Understanding love and relationship addiction

Love and relationship addiction

Falling and being in love is one of the best things in life. But for some people, the pursuit of love can be a highly destructive addictive cycle that’s called love and relationship addiction.

At its core, love and relationship addiction is less about the pursuit of genuine connection and more about an attempt to fill a void within oneself. The roots of this addiction as with all addictions often traces back to early life experiences, such as a lack of childhood emotional support, unstable family dynamics, or traumatic events. Love and relationship addicts fall into a perpetual cycle of seeking out relationships to feel whole and to ease their inner pain, at least temporarily.

Love and relationship addiction is not officially recognized as a mental health disorder in the Diagnostic and Statistical Manual of Mental Disorders (DSM-5), which is the book used by many experts to diagnose mental health problems. Still, it is a phenomenon that therapists, coaches and counsellors frequently encounter. I’m always helping someone with this problem, and it’s a condition that can cause such extreme distress. It involves an obsessive and compulsive pattern of seeking and maintaining relationships, driven by an insatiable need for external validation – and an overwhelming fear of being alone.

Defining love and relationship addiction

One of the key characteristics of love and relationship addiction is the persistent pattern of unhealthy and destructive relationships. Those struggling with this addiction may find themselves repeatedly drawn to partners who are emotionally unavailable, abusive, or simply incompatible. Despite experiencing pain and disappointment, the love addict feels compelled to continue the cycle – because the prospect of being alone is perceived as unbearable.

Unlike healthy connections built on mutual respect and understanding, love and relationship addiction is marked by an insatiable need for external love and approval. There is a deep fear that being on their own proves what they truly believe deep-down: that they are utterly unlovable. So, love becomes a coping mechanism – an attempt to fill their massive aching void within.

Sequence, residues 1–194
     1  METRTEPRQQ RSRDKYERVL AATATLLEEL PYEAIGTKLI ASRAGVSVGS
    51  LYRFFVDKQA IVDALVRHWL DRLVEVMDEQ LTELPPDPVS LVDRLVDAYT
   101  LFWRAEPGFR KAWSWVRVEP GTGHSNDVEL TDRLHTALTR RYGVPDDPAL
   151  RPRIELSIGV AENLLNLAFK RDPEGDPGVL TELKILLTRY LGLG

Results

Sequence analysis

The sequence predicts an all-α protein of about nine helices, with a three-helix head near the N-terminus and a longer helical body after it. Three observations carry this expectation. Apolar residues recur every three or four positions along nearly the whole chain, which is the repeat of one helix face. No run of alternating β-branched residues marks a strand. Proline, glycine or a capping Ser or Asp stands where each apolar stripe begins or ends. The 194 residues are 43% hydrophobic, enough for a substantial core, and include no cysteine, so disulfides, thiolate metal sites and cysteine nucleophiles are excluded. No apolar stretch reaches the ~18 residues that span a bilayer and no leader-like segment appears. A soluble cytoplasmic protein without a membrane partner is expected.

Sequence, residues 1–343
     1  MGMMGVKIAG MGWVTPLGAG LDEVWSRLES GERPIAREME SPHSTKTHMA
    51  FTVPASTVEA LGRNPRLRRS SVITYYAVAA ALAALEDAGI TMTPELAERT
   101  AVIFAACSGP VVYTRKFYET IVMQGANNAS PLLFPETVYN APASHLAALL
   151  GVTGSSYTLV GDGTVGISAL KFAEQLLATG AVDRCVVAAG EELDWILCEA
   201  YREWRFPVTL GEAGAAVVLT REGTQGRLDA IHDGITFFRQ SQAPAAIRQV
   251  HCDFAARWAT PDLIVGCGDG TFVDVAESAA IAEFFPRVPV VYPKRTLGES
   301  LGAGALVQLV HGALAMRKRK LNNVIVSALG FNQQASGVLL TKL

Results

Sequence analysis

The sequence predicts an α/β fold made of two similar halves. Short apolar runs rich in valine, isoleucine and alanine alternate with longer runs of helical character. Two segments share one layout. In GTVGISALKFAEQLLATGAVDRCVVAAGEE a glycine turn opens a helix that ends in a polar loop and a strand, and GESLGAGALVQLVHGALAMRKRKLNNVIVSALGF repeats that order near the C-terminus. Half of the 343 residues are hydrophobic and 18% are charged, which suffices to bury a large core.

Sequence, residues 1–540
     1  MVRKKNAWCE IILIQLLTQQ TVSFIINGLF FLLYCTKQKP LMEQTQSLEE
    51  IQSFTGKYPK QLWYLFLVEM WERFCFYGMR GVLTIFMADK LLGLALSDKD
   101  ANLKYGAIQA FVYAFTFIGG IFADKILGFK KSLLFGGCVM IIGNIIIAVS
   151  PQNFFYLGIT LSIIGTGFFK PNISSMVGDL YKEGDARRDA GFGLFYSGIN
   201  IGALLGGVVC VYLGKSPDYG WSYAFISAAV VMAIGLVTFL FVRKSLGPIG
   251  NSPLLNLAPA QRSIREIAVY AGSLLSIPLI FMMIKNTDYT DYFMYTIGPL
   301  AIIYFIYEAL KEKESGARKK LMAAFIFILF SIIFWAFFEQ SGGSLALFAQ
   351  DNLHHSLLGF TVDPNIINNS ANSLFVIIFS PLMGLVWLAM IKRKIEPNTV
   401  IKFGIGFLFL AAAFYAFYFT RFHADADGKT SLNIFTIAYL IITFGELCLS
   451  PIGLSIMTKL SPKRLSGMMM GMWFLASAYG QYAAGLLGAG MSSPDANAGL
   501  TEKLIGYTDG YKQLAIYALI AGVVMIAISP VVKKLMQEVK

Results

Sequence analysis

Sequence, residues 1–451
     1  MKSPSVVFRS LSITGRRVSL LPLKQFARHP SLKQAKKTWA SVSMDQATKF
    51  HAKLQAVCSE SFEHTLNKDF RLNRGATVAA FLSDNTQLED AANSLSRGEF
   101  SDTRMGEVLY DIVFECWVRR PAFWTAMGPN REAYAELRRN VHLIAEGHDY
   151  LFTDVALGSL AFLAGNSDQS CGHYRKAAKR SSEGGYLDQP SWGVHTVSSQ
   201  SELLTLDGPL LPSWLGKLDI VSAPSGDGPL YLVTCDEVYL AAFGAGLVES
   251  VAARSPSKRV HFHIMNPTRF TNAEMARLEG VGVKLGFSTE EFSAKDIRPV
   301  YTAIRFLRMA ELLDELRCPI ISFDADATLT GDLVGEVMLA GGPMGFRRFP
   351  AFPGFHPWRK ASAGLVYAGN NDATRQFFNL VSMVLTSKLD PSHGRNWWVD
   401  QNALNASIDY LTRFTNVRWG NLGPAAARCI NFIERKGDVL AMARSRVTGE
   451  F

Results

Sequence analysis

Identifying the signs

Recognizing love and relationship addiction involves understanding the signs that start in one’s thoughts, which then become feelings, choices and behaviours. Persistent fears of abandonment, a constant need for reassurance, and an inclination to prioritize relationships over personal well-being are common indicators. People caught in this cycle might also find themselves repeatedly drawn to partners who are emotionally unavailable. Or they are frequently impulsive, such as rushing into new relationships without proper self-reflection – and convincing themselves they are falling in love yet again…

The parallels with substance abuse

There are definite parallels between love and relationship addiction and substance abuse. Both share similarities such as the development of tolerance, where increasing amounts of love and attention are needed to feel satisfied, and withdrawal symptoms that can manifest as anxiety, depression, or intense loneliness when not in a relationship. The addictive cycle may lead people to neglect other crucial aspects of life, mirroring the impact of substance abuse on day-to-day living. It fits what I believe is the best definition of addiction: doing something repeatedly that is detrimental to you, and usually others around you too – but being unable to stop and stay stopped.

How to recover from love addiction

Begin by acknowledging the problem and seeking professional help, such as therapy or support groups. Explore the roots of the addiction as it is nearly always due to past traumas or unmet emotional needs, most often in childhood. These are not always obvious, which is why it’s vital to seek help from someone with expertise in relationships and addictions.

Some things that will help include developing self-awareness, identifying triggers and patterns, and practicing self-compassion. As well, establish and maintain healthy boundaries in relationships, and learn to prioritize personal wellbeing. Embrace solitude as an opportunity for self-growth. Surround yourself with a supportive network of friends, family and a support group. Make a commitment to ongoing self-care and continuous personal development.

It can be hard work for a love and relationship addict looking inside themselves as they need to in order to become happy being on their own. But only when someone is fine about being single are they ready for a healthy relationship – and that reward is worth absolutely everything.

My latest article for Soltalk magazine.